American Needle v. NFL: The Supreme Court Stops NFL's Drive for Antitrust Immunity
May 24, 2010
In 1963, the teams of the NFL created National Football League Properties (NFLP) to "develop, license, and market" the teams' intellectual property. NFLP then granted a number of nonexclusive licenses to various licensees, which had the right to use the intellectual property of each of the NFL's teams. One of those nonexclusive licenses was granted to American Needle, which produced headwear (such as baseball caps and stocking hats) that bore the logos of the different NFL teams. This nonexclusive licensing arrangement continued until 2000, when the NFL teams voted to authorize NFLP to grant an exclusive license for headwear to Reebok.
American Needle sued the NFL, its teams, NFLP, and Reebok, arguing among other things that the decision by the NFL teams to grant the exclusive license to Reebok constituted an agreement among competitors in restraint of trade, in violation of Section 1 of the Sherman Act. After allowing only limited discovery, the district court granted summary judgment for the defendants, concluding that in the licensing of their intellectual property, the NFL teams "have so integrated their operations that they should be deemed a single entity rather than joint ventures cooperating for a common purpose." The United States Court of Appeals for the Seventh Circuit affirmed, noting that professional football itself can be produced only through collaboration, and then reasoning that the teams were exempt from Section 1 when licensing their intellectual property because "only one source of economic power controls the promotion of NFL football." In a noteworthy turn of events, both American Needle and the NFL requested that the Supreme Court hear the case.
Speaking through retiring Justice John Paul Stevens - who authored many of the Court's significant joint venture decisions in the past three decades - the Supreme Court reversed and remanded. The Court held that both the creation of NFLP and the decision by the NFL's teams to grant an exclusive license to Reebok constituted agreements among competitors, subject to scrutiny under Section 1 of the Sherman Act. Citing precedent that "concerted activity inherently is fraught with anticompetitive risk," the Court held that agreements will not be exempted from Section 1 when those agreements "bring together independent centers of decisionmaking." The Court reasoned that the NFL teams flunked that test because the individual teams are at least potential competitors in the licensing of their respective intellectual property, such that the decision to license collectively deprives the marketplace of "independent centers of decisionmaking."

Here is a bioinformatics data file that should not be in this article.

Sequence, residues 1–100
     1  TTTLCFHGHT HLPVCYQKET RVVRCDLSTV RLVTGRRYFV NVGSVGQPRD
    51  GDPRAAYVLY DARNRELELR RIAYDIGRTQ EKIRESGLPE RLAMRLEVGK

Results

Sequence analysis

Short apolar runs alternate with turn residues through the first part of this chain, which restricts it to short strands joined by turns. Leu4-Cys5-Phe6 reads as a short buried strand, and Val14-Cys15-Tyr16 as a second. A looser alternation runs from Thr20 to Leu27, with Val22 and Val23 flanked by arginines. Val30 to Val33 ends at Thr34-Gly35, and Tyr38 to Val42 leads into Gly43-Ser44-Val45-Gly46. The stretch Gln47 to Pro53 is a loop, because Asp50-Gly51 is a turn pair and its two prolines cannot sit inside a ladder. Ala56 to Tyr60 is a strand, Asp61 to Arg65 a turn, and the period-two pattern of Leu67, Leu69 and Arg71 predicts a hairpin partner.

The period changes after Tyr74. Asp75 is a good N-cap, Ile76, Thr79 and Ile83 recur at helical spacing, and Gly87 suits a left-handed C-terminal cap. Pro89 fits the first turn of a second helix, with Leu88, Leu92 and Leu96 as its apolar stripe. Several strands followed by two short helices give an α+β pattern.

The decision is significant both because it represents the first meaningful victory by a plaintiff in front of the Court in two decades and also because the Court rejected many of the arguments that defendants have recently proffered to avoid scrutiny under Section 1. For example, "eschewing" what it labeled as "formalistic distinctions," the Court rejected the argument that agreements within an independently incorporated entity could never fall within Section 1. Citing its 1967 decision in United States v. Sealy, Inc., the Court stated that it "repeatedly found instances in which members of a legally single entity violated § 1 when the entity was controlled by a group of competitors." According to the Court, even within an independently incorporated entity, apparently "intrafirm agreements may simply be a formalistic shell for ongoing concerted activity." The Court also rejected the argument presented by some Amici for the Defendants that "once a group of firms agree to produce a joint product, cooperation amongst those firms must be treated as independent conduct." The Court held that, just as corporate form does not insulate competitors from Section 1 scrutiny, neither does those competitors' cooperation in certain areas immunize them from Section 1. By rejecting the NFL's attempt for a wide-ranging exemption from Section 1, the Court continued in the spirit of its recent decisions such as Leegin Creative Leather Products v. PSKS, Inc. to emphasize competitive effects over formalistic distinctions.
* Messrs. Wildfang and Marth, along with Amelia N. Jadoo, were the authors of the Merchant Trade Associations' Amici curiae brief.
The articles on our website include some of the publications and papers authored by our attorneys, both before and after they joined our firm. The content of these articles should not be taken as legal advice. The views and opinions expressed in this article are those of the author(s) and do not necessarily reflect the views or official position of Robins Kaplan LLP.
If you are interested in having us represent you, you should call us so we can determine whether the matter is one for which we are willing or able to accept professional responsibility. We will not make this determination by e-mail communication. The telephone numbers and addresses for our offices are listed on this page. We reserve the right to decline any representation. We may be required to decline representation if it would create a conflict of interest with our other clients.
By accepting these terms, you are confirming that you have read and understood this important notice.